spruceling

Kids Grow Up So Fast, But Spruceling Makes Dressing Them Much Easier

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If you have kids, you know this situation all too well. You buy your toddler an adorable sweater khaki combo that they grow out of almost immediately, and it’s back to the drawing board. But Spruceling, a Dreamit Ventures-backed company, is launching publicly today to disrupt the way parents shop for their children’s clothing.

Spruceling is an open marketplace that lets parents trade in their kids’ clothes once they don’t fit any more, naming their own price for the gently used goods. Parents can also shop on the site, which is focused on the ages of 1 to 10 years old.

According to the USDA, parents spend around $750 per child each year on clothing. Founder Ryan Coyne claims that Spruceling parents will spend around $200, plus those parents will be saved the trouble of driving to a consignment store or charity to sell back or give away the clothing.

Spruceling offers parents the opportunity to sell a box full of clothing, rather than sell one piece at a time, keeping the process relatively painless. After adding a picture of every item (which could be one picture of five things), parents list the retail price, size, brand and type of clothing. Spruceling then recommends a price range based on that information, and the final price of the entire box is chosen by the parent.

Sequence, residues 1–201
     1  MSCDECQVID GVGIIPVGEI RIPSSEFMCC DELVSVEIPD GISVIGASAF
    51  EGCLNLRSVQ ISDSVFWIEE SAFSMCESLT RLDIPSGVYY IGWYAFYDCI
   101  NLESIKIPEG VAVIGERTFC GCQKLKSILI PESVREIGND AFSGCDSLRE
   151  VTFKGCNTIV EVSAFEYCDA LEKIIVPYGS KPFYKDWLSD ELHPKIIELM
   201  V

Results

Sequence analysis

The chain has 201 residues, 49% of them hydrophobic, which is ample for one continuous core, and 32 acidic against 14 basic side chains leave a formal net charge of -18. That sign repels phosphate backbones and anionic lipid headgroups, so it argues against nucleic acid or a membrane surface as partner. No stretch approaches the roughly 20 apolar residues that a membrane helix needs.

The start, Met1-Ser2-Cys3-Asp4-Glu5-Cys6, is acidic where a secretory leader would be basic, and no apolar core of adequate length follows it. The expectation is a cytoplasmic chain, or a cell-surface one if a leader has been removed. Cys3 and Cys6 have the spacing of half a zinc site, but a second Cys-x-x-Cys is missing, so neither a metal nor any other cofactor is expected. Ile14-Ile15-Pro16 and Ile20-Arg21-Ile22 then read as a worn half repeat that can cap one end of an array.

When that box sells, Spruceling handles the packaging and shipping needs, sending a pre-paid label and instructions to ensure the clothes are washed, folded, and a checklist of everything that was originally listed on the site.

To make sure that no buyer is disappointed, buyers are required to rate the seller once they receive a box of clothes. There is a zero tolerance policy for anyone that misrepresents their items, meaning that any user who tries to do so will be banned from the site forever. If, however, someone slips through the cracks and the buyer is unhappy with their purchase, users are allowed to return items up to 30 days after receipt.

Coyne tells TechCrunch that most consignment stores take around 60 percent of the transaction as commission, but Spruceling plans to bring that down to 40 percent to generate revenue. And in a Warby Parker-style act of kindness, Spruceling will be making a donation to its non-profit partners like St. Jude’s Hospital and Boys and Girls Club for every box purchased on Spruceling.